God reaffirmed his promise to Isaac saying, “I will establish the oath that I swore to Abraham your father. I will multiply your offspring as the stars of heaven and will give your offspring all these lands. In your offspring all the nations of the earth shall be blessed.” (Gen. 26:3b-4) The promise of God is still the central theme of Genesis. Isaac knows that his offspring will carry on the promise. It must be his firstborn son, Esau, right? Genesis 27:1-4,
When Isaac was old and his eyes were dim so that he could not see, he called Esau his older son and said to him, “My son”; and he answered, “Here I am.” He said, “Behold, I am old; I do not know the day of my death. Now then, take your weapons, your quiver and your bow, and go out to the field and hunt game for me, and prepare for me delicious food, such as I love, and bring it to me so that I may eat, that my soul may bless you before I die.”
The dying wish of Isaac is to bless his son Esau. Remember Isaac loved Esau, but Esau is not worthy of God’s promise.
Isaac is blind in his love for Esau. There are several reasons why Esau is not fit to be the bearer of the promise. First, he sold his birthright for some red stew. Genesis 25:29-34,
Once when Jacob was cooking stew, Esau came in from the field, and he was exhausted. And Esau said to Jacob, “Let me eat some of that red stew, for I am exhausted!” (Therefore his name was called Edom.) Jacob said, “Sell me your birthright now.” Esau said, “I am about to die; of what use is a birthright to me?” Jacob said, “Swear to me now.” So he swore to him and sold his birthright to Jacob. Then Jacob gave Esau bread and lentil stew, and he ate and drank and rose and went his way. Thus Esau despised his birthright.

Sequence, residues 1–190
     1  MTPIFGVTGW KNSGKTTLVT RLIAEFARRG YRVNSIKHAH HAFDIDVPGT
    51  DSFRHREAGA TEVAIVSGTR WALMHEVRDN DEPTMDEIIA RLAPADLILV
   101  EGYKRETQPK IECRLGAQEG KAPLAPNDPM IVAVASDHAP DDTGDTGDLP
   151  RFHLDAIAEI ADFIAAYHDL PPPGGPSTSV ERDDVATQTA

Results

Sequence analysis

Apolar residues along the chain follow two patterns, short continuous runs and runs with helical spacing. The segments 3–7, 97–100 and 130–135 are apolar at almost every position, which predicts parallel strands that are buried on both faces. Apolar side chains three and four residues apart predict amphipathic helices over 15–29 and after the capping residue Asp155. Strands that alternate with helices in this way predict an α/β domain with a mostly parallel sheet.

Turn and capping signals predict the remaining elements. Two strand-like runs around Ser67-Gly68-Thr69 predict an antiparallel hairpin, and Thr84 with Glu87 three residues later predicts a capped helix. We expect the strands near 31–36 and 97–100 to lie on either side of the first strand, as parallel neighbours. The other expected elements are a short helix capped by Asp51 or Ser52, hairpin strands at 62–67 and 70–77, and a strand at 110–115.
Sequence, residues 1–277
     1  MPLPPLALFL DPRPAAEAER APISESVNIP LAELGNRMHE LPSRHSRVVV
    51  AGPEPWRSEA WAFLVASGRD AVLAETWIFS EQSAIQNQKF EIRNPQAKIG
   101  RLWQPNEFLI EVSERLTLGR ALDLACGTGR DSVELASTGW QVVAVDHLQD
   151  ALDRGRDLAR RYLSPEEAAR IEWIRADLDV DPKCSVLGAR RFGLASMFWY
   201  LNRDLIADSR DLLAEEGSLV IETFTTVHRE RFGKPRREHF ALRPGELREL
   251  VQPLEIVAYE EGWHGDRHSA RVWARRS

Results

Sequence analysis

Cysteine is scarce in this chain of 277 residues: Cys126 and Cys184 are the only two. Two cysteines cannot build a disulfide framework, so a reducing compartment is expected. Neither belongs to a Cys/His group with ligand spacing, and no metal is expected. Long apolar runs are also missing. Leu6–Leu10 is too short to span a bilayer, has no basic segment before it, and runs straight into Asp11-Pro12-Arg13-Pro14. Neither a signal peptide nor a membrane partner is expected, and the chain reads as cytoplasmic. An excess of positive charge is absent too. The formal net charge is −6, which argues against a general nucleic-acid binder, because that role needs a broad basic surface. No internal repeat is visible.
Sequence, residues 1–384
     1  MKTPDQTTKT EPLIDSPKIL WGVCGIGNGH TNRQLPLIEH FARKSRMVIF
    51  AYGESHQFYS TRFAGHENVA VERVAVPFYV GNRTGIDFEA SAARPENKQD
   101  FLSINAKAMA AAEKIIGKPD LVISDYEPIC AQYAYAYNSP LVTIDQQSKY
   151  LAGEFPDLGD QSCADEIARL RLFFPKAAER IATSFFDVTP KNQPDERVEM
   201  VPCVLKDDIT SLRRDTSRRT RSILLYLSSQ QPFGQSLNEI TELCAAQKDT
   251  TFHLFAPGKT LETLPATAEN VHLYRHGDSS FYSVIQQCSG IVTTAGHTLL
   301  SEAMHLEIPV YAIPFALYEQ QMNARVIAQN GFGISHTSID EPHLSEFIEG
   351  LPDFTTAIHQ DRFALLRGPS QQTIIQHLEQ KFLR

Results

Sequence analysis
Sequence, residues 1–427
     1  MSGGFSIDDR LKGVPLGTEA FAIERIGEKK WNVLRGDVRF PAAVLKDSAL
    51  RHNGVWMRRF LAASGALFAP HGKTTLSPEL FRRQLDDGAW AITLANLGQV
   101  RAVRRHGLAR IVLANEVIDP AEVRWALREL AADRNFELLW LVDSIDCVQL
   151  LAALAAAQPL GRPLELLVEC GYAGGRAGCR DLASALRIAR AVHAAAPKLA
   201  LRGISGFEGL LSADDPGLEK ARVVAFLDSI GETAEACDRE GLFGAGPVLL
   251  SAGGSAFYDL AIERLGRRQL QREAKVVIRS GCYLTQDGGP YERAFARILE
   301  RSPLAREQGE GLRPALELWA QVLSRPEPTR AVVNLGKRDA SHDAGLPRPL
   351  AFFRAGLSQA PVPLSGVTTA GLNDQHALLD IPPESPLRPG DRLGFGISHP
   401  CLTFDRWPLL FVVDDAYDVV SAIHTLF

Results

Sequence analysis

(Remember years later when Israel heard this, they would have been arch enemies of Edom.) Esau did not think much of the promise if he sold it for a cup of stew.
Secondly, Esau was not worthy because he married women from Canaan. He would have known how and why his parents met. Abraham sent his servant to his homeland because he was adamant that Isaac could not take a wife for the Canaanites, for they were destined to disinherit the land.
When Esau was forty years old, he took Judith the daughter of Beeri the Hittite to be his wife, and Basemath the daughter of Elon the Hittite, and they made life bitter for Isaac and Rebekah. (Genesis 26:34-35)
Isaac and Rebekah both knew what these marriages meant. Their life was bitter because their son disregarded God’s promise. Isaac should have known better than to desire to bless Esau, but he was blinded by his love for his son. As one scholar notes,
He should have noticed Esau was not worthy of representing God’s special people. But Isaac pushes blindly ahead. Isaac, like Esau, is controlled by his appetite. In his chapter, the narrator repeats the word game eight times and tasty food 6 times. Before he dies, Isaac wishes to savor once more the delicious game…”